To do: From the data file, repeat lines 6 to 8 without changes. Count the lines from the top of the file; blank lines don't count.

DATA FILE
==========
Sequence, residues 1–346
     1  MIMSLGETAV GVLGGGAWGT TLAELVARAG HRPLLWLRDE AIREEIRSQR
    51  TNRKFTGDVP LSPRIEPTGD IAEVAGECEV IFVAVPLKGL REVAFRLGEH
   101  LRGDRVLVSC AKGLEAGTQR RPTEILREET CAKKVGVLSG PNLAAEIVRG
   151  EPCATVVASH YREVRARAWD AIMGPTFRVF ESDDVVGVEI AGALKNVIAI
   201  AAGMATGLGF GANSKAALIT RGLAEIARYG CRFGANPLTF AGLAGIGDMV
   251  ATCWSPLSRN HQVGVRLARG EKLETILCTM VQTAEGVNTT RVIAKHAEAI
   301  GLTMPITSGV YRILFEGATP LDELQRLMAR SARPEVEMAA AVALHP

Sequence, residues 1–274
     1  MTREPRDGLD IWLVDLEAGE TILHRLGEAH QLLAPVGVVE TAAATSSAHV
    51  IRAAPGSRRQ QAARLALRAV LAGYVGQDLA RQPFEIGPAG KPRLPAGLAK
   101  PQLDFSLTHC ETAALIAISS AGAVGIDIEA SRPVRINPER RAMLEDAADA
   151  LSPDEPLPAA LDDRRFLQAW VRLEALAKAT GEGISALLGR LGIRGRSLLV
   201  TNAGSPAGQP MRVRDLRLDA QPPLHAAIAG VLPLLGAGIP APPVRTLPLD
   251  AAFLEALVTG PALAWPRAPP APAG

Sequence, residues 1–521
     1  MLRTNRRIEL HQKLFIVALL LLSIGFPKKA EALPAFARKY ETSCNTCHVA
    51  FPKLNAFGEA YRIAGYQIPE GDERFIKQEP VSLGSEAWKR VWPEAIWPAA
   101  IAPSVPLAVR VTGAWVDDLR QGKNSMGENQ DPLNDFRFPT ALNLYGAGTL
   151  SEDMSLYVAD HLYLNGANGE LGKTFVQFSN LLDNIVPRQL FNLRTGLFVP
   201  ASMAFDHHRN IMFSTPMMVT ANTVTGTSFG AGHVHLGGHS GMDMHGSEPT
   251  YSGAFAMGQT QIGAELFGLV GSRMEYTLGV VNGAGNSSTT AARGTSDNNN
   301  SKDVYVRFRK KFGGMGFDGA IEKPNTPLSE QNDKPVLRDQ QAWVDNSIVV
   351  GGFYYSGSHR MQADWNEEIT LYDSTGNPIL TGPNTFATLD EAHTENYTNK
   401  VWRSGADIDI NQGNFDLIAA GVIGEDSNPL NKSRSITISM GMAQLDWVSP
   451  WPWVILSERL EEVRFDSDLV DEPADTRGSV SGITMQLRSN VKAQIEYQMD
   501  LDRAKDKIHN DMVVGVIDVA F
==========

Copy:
   201  AAGMATGLGF GANSKAALIT RGLAEIARYG CRFGANPLTF AGLAGIGDMV
   251  ATCWSPLSRN HQVGVRLARG EKLETILCTM VQTAEGVNTT RVIAKHAEAI
   301  GLTMPITSGV YRILFEGATP LDELQRLMAR SARPEVEMAA AVALHP